Eminem’s politically charged album has its moments, but the rapper fails to make progress [Review]

Eminem's ninth album fails to make an impact, despite his deeply political and personal lyrics

Chris Gillett |

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On his ninth album, Revival, American rapper Eminem reflects on his past as a musician, father and husband, with a handful of politically charged tracks in between.

Eminem has never shied away from self-deprecation, and in the sombre Walk On Water he details his struggles to stay relevant.

Believe and Chlorasceptic are both tongue-in-cheek jibes at the “mumble-rap” stars currently dominating the hip hop scene, before the up-tempo Untouchable delves into racial injustice in the US.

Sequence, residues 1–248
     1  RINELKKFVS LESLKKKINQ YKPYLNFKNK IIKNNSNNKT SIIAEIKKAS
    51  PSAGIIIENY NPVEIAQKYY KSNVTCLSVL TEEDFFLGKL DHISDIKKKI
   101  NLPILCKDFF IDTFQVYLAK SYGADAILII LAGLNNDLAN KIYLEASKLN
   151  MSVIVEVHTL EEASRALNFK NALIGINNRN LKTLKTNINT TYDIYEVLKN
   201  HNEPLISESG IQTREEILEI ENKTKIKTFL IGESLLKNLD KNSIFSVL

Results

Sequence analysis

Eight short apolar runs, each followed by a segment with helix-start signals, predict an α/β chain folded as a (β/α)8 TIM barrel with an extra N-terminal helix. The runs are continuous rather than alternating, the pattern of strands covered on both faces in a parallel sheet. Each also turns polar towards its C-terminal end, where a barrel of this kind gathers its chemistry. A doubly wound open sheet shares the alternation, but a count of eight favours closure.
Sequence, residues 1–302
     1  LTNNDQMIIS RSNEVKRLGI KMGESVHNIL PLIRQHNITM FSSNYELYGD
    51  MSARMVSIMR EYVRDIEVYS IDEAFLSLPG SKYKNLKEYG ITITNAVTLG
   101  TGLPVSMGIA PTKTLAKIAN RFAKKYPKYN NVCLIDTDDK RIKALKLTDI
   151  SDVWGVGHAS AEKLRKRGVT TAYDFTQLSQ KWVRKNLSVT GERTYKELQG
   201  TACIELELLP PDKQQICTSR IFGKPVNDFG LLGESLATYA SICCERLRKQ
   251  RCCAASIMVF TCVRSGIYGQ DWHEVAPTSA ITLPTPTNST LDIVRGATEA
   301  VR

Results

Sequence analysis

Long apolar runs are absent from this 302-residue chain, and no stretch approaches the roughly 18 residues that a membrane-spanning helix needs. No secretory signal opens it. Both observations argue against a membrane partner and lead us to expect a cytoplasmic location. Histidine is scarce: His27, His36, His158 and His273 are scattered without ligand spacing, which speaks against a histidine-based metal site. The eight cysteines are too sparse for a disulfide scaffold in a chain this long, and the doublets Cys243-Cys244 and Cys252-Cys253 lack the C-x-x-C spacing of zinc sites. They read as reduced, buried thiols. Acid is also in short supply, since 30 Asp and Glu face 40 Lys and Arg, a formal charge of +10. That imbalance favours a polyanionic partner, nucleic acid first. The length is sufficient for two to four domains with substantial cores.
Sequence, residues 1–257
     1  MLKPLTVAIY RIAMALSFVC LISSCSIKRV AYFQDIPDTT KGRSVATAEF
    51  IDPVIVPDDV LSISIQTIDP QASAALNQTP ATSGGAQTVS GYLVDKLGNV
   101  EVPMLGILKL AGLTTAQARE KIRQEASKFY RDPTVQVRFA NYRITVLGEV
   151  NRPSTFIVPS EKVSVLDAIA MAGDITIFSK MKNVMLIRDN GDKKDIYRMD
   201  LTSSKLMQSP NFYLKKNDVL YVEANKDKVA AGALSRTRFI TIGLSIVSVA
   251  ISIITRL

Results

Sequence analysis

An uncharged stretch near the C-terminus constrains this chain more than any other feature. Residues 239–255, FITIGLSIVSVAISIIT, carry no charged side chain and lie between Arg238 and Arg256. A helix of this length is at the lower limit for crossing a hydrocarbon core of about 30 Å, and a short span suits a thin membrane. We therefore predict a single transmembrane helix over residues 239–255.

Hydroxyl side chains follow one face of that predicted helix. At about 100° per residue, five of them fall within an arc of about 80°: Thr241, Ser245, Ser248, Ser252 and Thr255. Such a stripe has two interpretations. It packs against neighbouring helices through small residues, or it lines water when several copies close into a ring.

From here, the artist also known as Marshall Mathers leans heavily on his past, with Remind Me and Bad Husband serving as direct messages to his ex-wife; In Your Head addresses his regrets; and the emotive Castle is dedicated to his daughter, and his impact on her life.

Songs such as Like Home and Heat don’t hold back from attacking US President Donald Trump, but both are irritating and under-produced.

Revival has spine-tingling moments, but on the whole feels as random, as Eminem constantly looks back to former versions of himself.

Edited by Karly Cox